Charles Siegel’s entire Dec. 11commentary (“The Anti-Transit Crowd Is at it Again”) is based on a fallacy. In it, Mr. Siegel equated, as he has on many occasions, opposition to AC Transit’s current BRT proposal with being “anti-transit.” No one that I know who is anti-BRT is anti-transit. It is, in fact, just the opposite. Those of us who oppose the current BRT proposal oppose it because we are pro-transit. We want to see taxpayer dollars spent for real improvements in public transportation in the East Bay. The current BRT proposal is not projected to provide any benefit which would justify its enormous cost.
The following facts, which I have pointed out on several occasions, come directly from the BRT draft environmental impact report (EIR). The draft EIR is, to my knowledge, the only publicly available study of AC Transit’s specific proposal. I challenge Mr. Siegel (or anyone else) to refute these statements, not with rhetoric or high minded and well-intentioned desires for improved public transit, nor with results of BRT implementations in other cities, but with documentation from any other publicly-available study of this specific proposal. We are, after all, not debating BRT as a concept—we are debating a specific BRT proposal, a proposal which has been studied by traffic engineers, transportation engineers, and city planners.
1. The current BRT proposal will not increase transit usage very much. By the year 2025, total daily East Bay transit boardings without BRT are projected to be approximately 659,800. With the most successful of the BRT alternatives, the projected 2025 ridership is 670,100—a 1.6 percent increase.
2. The current BRT proposal will not save energy. Here’s a quote directly from the draft EIR: “The energy impacts of the Build Alternatives as compared to the No-Build Alternative would be negligible.”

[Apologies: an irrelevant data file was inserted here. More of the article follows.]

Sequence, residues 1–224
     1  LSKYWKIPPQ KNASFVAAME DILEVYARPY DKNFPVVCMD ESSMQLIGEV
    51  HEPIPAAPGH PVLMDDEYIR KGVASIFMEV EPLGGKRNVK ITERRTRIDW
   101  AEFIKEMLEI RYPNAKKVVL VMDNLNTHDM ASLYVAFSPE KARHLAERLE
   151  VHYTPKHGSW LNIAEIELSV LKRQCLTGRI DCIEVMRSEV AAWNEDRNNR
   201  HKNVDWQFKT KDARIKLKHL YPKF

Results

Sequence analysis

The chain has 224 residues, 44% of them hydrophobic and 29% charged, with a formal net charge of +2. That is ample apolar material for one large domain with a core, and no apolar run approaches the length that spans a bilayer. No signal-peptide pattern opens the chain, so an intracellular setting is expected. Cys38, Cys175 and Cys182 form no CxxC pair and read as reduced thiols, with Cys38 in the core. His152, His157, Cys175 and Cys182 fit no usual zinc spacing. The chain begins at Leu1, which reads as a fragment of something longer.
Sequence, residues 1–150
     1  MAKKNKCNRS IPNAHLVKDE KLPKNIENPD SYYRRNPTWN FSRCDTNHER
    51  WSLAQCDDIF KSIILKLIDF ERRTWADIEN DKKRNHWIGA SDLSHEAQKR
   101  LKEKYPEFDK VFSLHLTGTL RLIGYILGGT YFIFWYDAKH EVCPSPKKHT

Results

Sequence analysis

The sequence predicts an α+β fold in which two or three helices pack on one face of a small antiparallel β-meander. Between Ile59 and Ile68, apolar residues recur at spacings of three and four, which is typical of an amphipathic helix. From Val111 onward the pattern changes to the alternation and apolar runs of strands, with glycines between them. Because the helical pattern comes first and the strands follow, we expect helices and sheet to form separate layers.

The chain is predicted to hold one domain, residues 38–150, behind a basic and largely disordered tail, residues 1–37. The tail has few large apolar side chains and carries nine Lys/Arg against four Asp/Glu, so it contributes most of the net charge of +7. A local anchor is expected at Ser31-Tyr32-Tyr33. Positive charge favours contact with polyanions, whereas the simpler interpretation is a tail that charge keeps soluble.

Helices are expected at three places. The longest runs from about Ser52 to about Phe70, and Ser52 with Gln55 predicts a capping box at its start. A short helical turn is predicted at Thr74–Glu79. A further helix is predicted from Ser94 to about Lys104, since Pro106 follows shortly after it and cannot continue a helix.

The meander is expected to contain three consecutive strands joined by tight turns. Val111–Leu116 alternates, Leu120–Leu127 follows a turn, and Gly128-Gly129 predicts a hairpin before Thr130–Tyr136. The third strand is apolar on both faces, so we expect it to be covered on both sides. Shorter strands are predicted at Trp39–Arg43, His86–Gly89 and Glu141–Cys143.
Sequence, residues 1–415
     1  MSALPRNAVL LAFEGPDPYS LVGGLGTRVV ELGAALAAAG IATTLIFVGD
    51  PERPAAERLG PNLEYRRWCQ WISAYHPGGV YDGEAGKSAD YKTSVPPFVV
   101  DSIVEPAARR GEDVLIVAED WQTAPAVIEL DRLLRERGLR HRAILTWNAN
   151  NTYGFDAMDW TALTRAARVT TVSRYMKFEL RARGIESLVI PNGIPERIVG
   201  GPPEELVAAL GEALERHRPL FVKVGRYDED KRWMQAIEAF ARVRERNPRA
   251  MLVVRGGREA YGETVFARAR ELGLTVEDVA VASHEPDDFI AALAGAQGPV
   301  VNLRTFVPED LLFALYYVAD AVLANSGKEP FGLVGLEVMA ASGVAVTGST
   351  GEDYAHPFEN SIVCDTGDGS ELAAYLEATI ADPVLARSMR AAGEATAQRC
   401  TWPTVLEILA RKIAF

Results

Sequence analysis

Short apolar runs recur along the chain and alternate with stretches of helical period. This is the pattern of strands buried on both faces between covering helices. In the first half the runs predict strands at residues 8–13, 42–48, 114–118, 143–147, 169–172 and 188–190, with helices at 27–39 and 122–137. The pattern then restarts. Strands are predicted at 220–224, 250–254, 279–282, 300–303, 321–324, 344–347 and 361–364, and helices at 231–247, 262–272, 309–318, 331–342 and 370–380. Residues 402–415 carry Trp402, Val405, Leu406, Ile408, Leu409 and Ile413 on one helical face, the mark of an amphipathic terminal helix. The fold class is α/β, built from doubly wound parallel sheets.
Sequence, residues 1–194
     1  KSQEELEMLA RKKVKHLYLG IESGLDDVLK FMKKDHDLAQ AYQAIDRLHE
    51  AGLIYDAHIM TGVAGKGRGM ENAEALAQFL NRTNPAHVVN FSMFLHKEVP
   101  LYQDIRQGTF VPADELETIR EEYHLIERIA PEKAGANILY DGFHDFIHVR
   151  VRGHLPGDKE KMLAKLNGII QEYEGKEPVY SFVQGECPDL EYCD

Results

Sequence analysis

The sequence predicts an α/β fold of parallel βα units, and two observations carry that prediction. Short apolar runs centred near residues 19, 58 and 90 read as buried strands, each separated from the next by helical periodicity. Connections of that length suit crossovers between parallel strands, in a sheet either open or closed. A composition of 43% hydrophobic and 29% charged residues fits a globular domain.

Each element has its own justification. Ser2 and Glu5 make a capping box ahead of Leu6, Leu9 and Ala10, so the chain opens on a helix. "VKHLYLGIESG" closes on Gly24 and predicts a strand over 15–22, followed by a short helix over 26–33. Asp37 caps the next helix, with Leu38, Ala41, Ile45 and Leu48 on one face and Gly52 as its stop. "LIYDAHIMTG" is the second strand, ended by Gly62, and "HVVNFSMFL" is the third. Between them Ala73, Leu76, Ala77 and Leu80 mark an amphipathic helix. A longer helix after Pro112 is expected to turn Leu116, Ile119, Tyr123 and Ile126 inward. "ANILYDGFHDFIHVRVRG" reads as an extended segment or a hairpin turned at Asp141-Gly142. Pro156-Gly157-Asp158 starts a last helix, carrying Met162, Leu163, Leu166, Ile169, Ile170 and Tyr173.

3. The current BRT proposal will have essentially no effect on Alameda County air quality. If the current BRT proposal is built, the resulting projected decrease in carbon monoxide, reactive organic gases, nitrogen dioxide, sulfur dioxide and suspended particulate matter is just 0.03 percent.
Compare those projected results with the following projected costs.
1. The current BRT proposal will cost at least $250 million to build. Actually the draft EIR estimates the costs between $310 and $400 million. Since then, however, AC Transit has reportedly found alternate construction methods that would would reduce the project cost to under $250 million. (What a relief! To qualify for funding under the federal Smart Starts program, the project must cost less than $250 million.)
2. The current BRT proposal will increase AC Transit’s operating costs from $4.9 to $8.8 million. Funding for $3 million of these additional costs has been identified, which leaves a funding gap of $1.9 to $5.8 million per year. Would anyone like to speculate how much fares will have to be increased to fund the operation of BRT?
With our federal govenment slowly sinking under the weight of massive deficits and our city and state governments facing enormous, painful cuts in vital services such as education and health care, we taxpayers must be smart about how we spend every single dollar. For our own health and the health of our planet, we must fund mass transit projects which result in increased transit ridership, decreased energy use and reductions in air pollutants. The current AC Transit BRT proposal is not such a project and should be scrapped.
Jim Bullock is a Berkeley resident.